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No. 16394 shows every sign of being a genuine Johnson product (many items signed with this name are not). The dial looks like the work of the same painter who made the dial of my No. 15488; I have not got an adequate photograph of this, but it shows the same technique of using a single line, rather than two, to define the minute and second tracks. Compensated balances were still quite scarce on British watches but were often fitted to items for the American market. The original case would probably have been gold and of American make.

Oliver Mundy.
 

John Cote

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Thanks so much for the information Oliver. I am very proud to have it and will look for some kind of case for it just to keep it safer from the elements.
 

wolfram2

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hi. brand new here. i am going to post what i attempted to send to Oliver Mundy via email. I see that a bunch of you are interested in measuring stuff. if someone's local, i wouldn't mind stuff being measured off of mine.
1607213446955.png
 
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wolfram2

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hi. brand new here. i am going to post what i attempted to send to Oliver Mundy via email. I see that a bunch of you are interested in measuring stuff. if someone's local, i wouldn't mind stuff being measured off of mine.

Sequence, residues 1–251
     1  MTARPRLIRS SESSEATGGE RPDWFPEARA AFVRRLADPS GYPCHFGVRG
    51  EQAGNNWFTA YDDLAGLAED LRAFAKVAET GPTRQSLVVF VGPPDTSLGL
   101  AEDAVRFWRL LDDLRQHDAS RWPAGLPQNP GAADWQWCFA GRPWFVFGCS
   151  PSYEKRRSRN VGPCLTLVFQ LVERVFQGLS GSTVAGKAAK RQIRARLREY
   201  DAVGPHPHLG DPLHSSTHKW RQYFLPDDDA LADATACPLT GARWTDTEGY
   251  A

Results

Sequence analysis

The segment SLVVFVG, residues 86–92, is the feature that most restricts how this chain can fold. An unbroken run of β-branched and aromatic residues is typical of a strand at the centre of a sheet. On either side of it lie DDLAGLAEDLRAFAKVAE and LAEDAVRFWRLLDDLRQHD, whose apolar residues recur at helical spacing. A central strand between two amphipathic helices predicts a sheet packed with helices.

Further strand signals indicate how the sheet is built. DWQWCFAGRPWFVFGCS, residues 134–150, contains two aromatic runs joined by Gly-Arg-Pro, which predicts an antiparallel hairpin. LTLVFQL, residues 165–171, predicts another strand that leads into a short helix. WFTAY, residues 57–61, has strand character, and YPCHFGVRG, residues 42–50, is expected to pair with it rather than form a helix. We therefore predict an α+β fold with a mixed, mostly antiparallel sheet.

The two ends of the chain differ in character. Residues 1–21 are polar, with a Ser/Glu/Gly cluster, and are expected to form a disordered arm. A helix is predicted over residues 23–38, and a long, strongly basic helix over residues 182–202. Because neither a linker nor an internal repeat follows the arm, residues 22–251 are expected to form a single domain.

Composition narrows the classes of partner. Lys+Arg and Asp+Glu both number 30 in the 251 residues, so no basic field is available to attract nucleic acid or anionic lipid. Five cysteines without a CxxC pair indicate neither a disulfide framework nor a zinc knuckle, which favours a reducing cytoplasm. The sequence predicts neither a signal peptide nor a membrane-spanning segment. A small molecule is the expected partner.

View attachment 625755
does any one know a place in the boston area that can repair the second hand??
 

Lychnobius

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I have just seen the posting about Wolfram2's watch, which is a fine example and, I feel, absolutely genuine. I have never before heard of an American case with a private coat of arms engraved on it!

The best chance of finding a replacement second-hand is to look out for a collection of such hands on eBay or similar. There is a British vendor, antiquewatchparts, who offers batches of such hands from time to time. Alternatively, a hand from an early American watch such as a Waltham 57 might well fit, although it would probably be on the short side. The hand should probably be blued-steel rather than gilt. These hands were not standardised and it is purely the luck of the draw to find one whose pipe is of the right diameter to fit the arbor.

Oliver Mundy.
 

Thor Bill

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Is this one also a J.J. PL ?

- dial "Warranted Time Keeper 13876"
- movement "Wm Cooper Liverpool 13876"
- case "Fahys Coin" + # unmatcing


1.jpg 2.jpg 4.jpg
 
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Lychnobius

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Although Thor Bill's watch is certainly a Liverpool product (as it professes to be) and therefore belongs to the same tradition and period as those of John Cote etc., there is nothing to connect it with the Johnson firm; many makers, and many retailers posing as makers, used the same style. It should date from the 1850s. I am puzzled that it seems to be running in the photograph, since the spokes of the balance are invisible, even though the set-up wheel is missing; without this the watch could not be wound, or so I would have thought. (The set-up wheel can be seen in John's example at the beginning of this thread, just above the serial number.) Perhaps the balance just happened to be swinging under its own momentum when the picture was taken.

Oliver Mundy.